(PRWEB) January 07, 2014
In today’s business world, many follow the traditional route when attempting to grow their business; which includes working hard, market aggressively, and keep your customers happy. Most consultants, professors, and businessmen will insist this is the equation for business growth. Although these ingredients are necessary for business success, many are realizing there is a short cut for growth; which is business acquisition.
Throughout 2013, many businesses have decided to focus their attention on business opportunities that offer a synergistic connection between their current operations and the opportunities they are exploring. The mergers and acquisition industry has seen an increase of buyers seeking business opportunities throughout 2013, creating a sellers’ market for those looking to execute their exit strategy. The forecast for 2014 anticipates the continued trend of 2013, as more and more buyers are coming off the sidelines, generating greater demand, and less supply. Due to the market trend, many business owners are reviewing the elements and components of their business operations to determine how valuable their business operation is and when the appropriate time should be to pull the trigger and execute their exit strategy.
According to Joe Braier, VR Lakes Business Group Inc’s Middle Market Mergers and Acquisition Advisor, those business owners who have successfully structured their business operations are seeing the most value for their operations. “The business environment today is not just about survival, it’s about focusing on and creating sustainable value,” says Braier. “Those business owners who have the ability to implement strategic business systems in their operations are the most attractive opportunities buyers are seeking.” Braier and his team of M&A Advisors work with business owners in placing a value on their operations and confidentially execute the owners exit strategy by discreetly marketing the business to targeted buyers. “Valuing a business is somewhat an art,” says Braier. “Some will value a business strictly on the most recent historic financial performance of the operations. While this is a very strong component of the valuation equation, it’s also important to understand the environment of which a company operates within.”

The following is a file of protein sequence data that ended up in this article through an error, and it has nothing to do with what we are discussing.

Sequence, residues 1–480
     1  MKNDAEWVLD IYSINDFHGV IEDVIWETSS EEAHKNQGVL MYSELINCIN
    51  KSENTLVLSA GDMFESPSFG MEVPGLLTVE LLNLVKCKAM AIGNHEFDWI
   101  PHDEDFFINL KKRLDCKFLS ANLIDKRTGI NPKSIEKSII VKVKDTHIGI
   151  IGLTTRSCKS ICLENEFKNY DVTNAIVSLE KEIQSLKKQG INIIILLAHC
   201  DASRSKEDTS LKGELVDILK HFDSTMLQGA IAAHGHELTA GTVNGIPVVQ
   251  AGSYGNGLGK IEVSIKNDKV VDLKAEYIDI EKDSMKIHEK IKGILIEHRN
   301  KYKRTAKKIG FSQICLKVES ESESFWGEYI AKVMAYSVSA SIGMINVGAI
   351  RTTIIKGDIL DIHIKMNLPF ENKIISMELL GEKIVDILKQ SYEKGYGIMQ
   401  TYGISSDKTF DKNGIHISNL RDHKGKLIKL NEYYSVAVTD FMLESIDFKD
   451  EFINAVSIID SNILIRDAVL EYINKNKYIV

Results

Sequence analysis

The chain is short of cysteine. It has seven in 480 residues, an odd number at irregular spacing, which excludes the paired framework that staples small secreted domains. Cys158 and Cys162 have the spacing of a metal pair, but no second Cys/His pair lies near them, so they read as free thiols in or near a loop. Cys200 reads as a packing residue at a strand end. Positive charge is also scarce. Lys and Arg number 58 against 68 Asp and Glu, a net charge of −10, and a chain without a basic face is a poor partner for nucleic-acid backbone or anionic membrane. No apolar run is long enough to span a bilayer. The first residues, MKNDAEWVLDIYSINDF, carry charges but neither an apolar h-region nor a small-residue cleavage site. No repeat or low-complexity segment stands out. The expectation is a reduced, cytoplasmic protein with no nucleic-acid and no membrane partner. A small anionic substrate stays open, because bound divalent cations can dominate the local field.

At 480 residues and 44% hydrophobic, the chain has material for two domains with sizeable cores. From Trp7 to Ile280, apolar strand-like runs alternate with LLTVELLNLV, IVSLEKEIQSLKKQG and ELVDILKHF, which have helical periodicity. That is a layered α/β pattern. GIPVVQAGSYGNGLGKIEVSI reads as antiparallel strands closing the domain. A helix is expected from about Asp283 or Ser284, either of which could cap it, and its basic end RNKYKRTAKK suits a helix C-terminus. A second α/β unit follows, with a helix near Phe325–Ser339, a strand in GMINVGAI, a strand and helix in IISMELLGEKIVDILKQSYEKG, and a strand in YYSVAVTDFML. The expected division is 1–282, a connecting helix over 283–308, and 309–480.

As business owners begin to review their operations and set their necessary goals and objectives for 2014, Braier suggests reviewing these “Value Drivers” and determining how they can be enhanced to generate additional value for the operations. According to Braier, the top Value Drivers consist of, but are not limited to, the following:
Owner Involvement: The most difficult adjustment for the small business owners is to understand how to leverage responsibility. “Buyers exploring opportunities where the current owner is a “Hat Rack” is an instant turn off,” says Braier. “When an owner is VP of Marketing, the Purchasing Manager, CFO, head of HR, and Customer Service Manager, it negatively affects the overall value of their operations.” Braier continues to say that delegating responsibility generates additional value for the company, which leads into his second value driver.
Management Depth: Having the appropriate managers in place who are responsible for the operations of their specific division is critical. The more defined each individuals role is, the greater value the operations receive. Human capital overall, from top level managers down to the interns of the company, is a strong business value driver.